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          I think you are getting your terminology mixed up here..... look up
          primary and elementary.

          I do not recollect advocating being careless.... I also suggest that
          you look up centrifugal casting machines and see how they are made.....
          We are talking about tiny amounts of metal, and molds that are usually
          contained in a metal cup of some sort. I think you and others are
          blowing this all out of proportion. The suggestion that a piece of
          plywood is going to burst into flames when struck by half a gram of
          molten gold .... while the operator is standing right there behind it
          and burn you house down is also a bit absurd. Let's deal in reality
          here. Dentists and jewelers have been doing this forever.... and the
          equipment often has virtually no containment..... We are talking about
          jewelry casting here aren't we?? Nobody is seriously planning to cast
          10lbs of aluminum this way that I know of.

          Another possible machine to work with in building a spin caster might
          be an old washing machine. You have complete containment there
          including a lid, and a motor can drive the unit easily.

          H.W.

          Shiney Paper wrote:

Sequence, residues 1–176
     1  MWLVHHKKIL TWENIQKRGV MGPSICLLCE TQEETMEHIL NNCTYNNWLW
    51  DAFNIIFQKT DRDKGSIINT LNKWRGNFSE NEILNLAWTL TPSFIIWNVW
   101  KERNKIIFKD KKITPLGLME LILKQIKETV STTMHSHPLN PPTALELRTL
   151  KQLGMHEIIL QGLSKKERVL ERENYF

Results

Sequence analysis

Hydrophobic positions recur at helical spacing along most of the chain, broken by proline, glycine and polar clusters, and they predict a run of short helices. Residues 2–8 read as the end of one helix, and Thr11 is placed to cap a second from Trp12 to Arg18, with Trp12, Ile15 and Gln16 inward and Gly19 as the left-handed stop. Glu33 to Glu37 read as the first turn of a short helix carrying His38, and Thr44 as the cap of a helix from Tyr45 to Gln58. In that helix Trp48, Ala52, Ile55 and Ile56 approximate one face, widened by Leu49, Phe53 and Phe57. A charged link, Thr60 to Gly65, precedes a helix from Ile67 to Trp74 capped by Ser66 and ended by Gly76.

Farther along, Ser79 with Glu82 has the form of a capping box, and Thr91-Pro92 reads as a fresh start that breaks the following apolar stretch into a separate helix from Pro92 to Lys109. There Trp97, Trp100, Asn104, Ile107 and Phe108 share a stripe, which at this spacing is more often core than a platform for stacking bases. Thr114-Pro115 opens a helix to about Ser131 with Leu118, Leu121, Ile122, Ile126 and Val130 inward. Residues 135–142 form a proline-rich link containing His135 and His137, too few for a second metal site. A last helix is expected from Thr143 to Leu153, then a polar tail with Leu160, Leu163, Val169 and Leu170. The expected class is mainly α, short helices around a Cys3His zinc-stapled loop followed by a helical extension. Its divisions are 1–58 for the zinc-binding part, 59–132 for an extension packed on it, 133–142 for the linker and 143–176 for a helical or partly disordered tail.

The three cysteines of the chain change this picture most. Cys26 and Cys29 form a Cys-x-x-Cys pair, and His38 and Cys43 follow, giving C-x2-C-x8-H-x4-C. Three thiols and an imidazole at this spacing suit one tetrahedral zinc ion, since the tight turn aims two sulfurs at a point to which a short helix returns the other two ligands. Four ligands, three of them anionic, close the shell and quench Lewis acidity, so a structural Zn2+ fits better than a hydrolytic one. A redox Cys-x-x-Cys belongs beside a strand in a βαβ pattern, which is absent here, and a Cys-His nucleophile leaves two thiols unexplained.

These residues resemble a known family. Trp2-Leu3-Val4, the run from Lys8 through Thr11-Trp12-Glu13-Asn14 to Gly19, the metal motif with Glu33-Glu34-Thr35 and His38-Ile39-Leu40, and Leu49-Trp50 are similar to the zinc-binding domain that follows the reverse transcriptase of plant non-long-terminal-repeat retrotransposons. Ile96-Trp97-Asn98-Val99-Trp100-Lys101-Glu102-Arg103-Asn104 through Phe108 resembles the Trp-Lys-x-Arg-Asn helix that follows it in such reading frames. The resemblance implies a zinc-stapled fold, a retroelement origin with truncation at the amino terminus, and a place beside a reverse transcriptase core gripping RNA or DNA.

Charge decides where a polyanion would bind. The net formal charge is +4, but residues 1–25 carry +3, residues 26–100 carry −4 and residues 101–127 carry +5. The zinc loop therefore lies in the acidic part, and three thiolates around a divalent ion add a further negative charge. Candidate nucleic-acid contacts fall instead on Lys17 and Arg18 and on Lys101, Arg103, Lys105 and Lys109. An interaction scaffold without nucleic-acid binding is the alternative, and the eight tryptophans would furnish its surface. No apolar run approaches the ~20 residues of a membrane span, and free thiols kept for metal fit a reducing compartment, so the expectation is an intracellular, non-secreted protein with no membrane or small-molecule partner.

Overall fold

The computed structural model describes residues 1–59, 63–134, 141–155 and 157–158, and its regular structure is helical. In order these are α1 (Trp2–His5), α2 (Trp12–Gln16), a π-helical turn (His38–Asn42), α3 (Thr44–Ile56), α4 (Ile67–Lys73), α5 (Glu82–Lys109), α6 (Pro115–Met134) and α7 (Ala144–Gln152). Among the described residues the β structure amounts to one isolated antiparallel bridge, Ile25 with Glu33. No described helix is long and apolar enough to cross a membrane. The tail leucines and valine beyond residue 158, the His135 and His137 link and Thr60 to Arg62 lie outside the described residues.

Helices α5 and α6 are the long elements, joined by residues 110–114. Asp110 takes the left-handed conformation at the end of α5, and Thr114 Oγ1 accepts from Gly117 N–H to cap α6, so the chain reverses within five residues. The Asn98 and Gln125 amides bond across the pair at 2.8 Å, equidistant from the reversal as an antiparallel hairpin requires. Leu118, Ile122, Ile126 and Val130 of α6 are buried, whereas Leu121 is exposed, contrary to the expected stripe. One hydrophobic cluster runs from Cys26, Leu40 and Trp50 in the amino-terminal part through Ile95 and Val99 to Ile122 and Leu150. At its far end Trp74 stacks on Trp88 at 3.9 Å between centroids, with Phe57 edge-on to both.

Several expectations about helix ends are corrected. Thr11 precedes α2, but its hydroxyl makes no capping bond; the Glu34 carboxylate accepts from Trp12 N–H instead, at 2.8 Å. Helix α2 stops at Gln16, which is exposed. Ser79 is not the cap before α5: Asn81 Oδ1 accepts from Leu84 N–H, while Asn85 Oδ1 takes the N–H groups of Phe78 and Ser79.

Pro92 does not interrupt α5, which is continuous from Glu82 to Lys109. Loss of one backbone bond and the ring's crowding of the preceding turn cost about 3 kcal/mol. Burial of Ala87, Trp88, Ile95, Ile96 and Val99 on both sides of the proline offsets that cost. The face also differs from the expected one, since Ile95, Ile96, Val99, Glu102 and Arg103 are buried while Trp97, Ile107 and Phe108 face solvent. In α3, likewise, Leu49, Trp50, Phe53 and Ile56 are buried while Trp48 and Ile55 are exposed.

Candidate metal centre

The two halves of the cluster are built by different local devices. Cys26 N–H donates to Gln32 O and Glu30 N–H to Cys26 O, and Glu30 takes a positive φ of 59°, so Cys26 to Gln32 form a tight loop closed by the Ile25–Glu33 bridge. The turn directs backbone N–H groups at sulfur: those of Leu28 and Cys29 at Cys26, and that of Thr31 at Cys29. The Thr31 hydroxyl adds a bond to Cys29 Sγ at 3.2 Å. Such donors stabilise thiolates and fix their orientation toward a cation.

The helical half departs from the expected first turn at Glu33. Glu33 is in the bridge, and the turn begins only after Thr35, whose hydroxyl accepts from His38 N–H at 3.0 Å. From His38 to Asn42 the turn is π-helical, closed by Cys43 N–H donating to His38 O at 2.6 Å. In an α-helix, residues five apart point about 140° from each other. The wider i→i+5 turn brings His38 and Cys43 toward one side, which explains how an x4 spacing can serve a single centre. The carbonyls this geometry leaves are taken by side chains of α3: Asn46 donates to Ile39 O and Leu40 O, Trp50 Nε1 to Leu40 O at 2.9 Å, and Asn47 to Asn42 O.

> And they have been getting injured for centuries with
          > severe burns and loosing eyes. Just because something
          > has been done for centuries doesn't mean they have
          > been doing safely all that time. Precautions should not
          > be elementry they should be primary. It's not difficult
          > just common sence not to fool with spinnig high temp
          > metal. Should it leak or explode on you those little
          > flying particle can shink - burn right into your skin before
          > you're able to react.
          >
          >
          >
          >
          >>From: Stone Tool <owly@...>
          >>Reply-To: hobbicast@yahoogroups.com
          >>To: hobbicast@yahoogroups.com
          >>Subject: Re: [hobbicast] centrifugal casting.
          >>Date: Mon, 02 May 2005 21:46:13 -0600
          >>
          >>Carl:
          >> People have been doing this for centuries...... Elementary precautions
          >>are not difficult to take.
          >>
          >> The Plan:
          >>
          >>1: Find a suitable small engine... vertical or horizontal shaft...
          >>doesn't much matter. Kohler would be preferable to Briggs as they
          >>generally have good ball bearings on each end, but either engine will
          >>work. Starting system of your choice... rope wrap, recoil, wind up,
          >>electric...
          >>
          >>2: Gut the engine leaving only the crankshaft, pack any ball
          >>bearings, lubricate other bearings. If those are simply steel crank on
          >>aluminum case.... figure out a way you can get a bit of oil to them...
          >>drill and plug a hole, run a tube, etc....